Another great discovery of Herbert Spencer’s was that the emotions control the secretions. And the quality of the secretions determines the chemical changes which constitute all cellular growth. Thus, cheerful, happy emotions are similar to sunshine–they stand for health and harmony, and as such, are constructive. Good-will is sanitary; kindness is hygienic; friendship works for health. These happy emotions secrete a quality in the blood called anabolism, which is essentially vitalizing and life-producing.
On the other hand, fear, hate, and all forms of unkindness evolve a toxin, katabolism, which tends to clog circulation, disturb digestion, congest the secretions and stupefy the senses; and it tends to the dissolution and destruction of life. All that saddens, embitters and disappoints produces this chemical change that makes for death. “A poison,” said Spencer, “is only a concentrated form of hate.”
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Spencer’s discoveries in electricity have been most valuable, and it was by building on his suggestions and seeing with his prophetic eye that the Crookes Tube, the Roentgen Ray, and the discovery of radium have become possible.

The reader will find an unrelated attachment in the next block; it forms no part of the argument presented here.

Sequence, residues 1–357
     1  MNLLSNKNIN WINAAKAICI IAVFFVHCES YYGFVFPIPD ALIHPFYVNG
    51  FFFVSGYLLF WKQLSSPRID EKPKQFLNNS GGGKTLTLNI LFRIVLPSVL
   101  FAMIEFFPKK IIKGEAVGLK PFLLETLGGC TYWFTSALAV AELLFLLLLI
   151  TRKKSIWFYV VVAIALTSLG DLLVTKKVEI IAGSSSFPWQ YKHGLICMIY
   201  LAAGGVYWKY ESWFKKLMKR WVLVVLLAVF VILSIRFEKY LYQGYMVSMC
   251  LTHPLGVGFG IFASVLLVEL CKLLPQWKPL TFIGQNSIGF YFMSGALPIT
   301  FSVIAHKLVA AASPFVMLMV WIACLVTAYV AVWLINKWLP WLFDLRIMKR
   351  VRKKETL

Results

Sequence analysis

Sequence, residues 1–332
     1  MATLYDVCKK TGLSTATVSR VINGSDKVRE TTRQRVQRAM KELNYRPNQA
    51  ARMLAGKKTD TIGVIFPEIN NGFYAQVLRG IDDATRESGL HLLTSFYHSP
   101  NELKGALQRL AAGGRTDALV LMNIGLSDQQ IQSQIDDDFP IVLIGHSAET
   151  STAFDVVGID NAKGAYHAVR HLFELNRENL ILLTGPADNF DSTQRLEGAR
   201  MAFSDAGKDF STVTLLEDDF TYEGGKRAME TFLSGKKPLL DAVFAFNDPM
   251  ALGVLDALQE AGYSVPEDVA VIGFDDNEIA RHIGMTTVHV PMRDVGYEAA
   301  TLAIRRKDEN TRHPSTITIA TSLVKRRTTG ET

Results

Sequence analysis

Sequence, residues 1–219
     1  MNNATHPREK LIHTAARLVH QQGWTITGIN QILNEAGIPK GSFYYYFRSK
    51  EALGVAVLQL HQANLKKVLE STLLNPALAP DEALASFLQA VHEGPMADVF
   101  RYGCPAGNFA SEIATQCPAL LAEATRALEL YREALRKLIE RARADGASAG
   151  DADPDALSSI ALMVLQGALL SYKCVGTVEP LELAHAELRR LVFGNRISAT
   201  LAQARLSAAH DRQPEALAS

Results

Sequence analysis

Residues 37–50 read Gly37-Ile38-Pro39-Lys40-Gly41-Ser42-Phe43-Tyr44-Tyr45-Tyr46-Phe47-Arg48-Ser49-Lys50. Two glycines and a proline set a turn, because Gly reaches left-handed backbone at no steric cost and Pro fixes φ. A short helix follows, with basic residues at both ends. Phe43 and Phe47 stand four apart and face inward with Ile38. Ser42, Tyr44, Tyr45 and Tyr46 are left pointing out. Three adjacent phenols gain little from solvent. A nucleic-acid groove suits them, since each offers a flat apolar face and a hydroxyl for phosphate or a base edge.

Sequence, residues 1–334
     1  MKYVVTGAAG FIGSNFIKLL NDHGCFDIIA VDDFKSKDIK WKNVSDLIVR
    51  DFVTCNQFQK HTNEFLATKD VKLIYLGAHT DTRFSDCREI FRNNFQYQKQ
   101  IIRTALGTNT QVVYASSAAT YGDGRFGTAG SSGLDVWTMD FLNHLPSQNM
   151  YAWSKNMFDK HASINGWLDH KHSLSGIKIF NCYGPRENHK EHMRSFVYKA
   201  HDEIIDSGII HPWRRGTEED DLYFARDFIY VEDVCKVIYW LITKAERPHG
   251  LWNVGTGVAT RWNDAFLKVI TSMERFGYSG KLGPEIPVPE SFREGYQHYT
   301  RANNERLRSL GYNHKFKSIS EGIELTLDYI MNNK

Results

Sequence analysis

The distinguishing feature of radium is its radioactivity, brought about through its affinity for electricity. It absorbs electricity from the atmosphere and gives it off spontaneously in the form of light and heat without appreciable loss of form or substance. Every good thing in life is dual, and through this natural and spontaneous marriage of radium and electricity, we get very close to the secret of life. As the sun is the giver of life and death, so by the use of the salts of radium have scientists vitalized certain forms of cell-life into growth and activity, and by the same token, and the use of the radium-ray, do they destroy the germs of disease.
By his prophetic vision, Spencer saw years ago that we would yet be able to eliminate and refine the substances of earth until we found the element that would combine spontaneously with electricity, and radiate life and heat. Among the very last letters dictated by Spencer, only a few days before his death, was one to Madame Curie congratulating her on her discovery of radium, and urging her not to relax in her further efforts to seek out the secret of life. “My only regret is,” wrote the great man, “that I will not be here to rejoice with you in the fulness of your success.” Thus to the last did he preserve the eager, curious and receptive heart of youth, and prove to the scientific world his theory that brain-cells, properly exercised, are the last organs of the body to lose their functions.